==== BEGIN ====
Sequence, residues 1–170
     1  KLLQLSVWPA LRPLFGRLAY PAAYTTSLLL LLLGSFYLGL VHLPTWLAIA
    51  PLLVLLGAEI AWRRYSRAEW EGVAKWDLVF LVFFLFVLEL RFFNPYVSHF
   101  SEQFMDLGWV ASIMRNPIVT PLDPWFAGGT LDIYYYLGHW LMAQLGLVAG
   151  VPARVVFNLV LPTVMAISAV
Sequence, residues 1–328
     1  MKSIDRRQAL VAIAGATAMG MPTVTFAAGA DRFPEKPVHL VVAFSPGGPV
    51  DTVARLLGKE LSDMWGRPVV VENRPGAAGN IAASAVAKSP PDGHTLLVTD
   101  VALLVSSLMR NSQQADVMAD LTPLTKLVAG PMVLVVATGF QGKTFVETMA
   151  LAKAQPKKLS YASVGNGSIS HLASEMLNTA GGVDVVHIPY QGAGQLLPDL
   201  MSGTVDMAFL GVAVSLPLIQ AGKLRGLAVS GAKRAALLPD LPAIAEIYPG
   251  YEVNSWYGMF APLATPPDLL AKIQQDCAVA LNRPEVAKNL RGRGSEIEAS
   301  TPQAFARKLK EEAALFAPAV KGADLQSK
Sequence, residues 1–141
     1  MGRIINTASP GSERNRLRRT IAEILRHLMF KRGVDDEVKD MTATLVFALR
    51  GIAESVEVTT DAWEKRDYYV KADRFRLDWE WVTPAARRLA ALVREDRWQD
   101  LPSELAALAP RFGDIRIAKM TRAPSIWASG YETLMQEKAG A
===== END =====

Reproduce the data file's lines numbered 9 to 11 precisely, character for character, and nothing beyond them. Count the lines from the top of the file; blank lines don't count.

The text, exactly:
   101  VALLVSSLMR NSQQADVMAD LTPLTKLVAG PMVLVVATGF QGKTFVETMA
   151  LAKAQPKKLS YASVGNGSIS HLASEMLNTA GGVDVVHIPY QGAGQLLPDL
   201  MSGTVDMAFL GVAVSLPLIQ AGKLRGLAVS GAKRAALLPD LPAIAEIYPG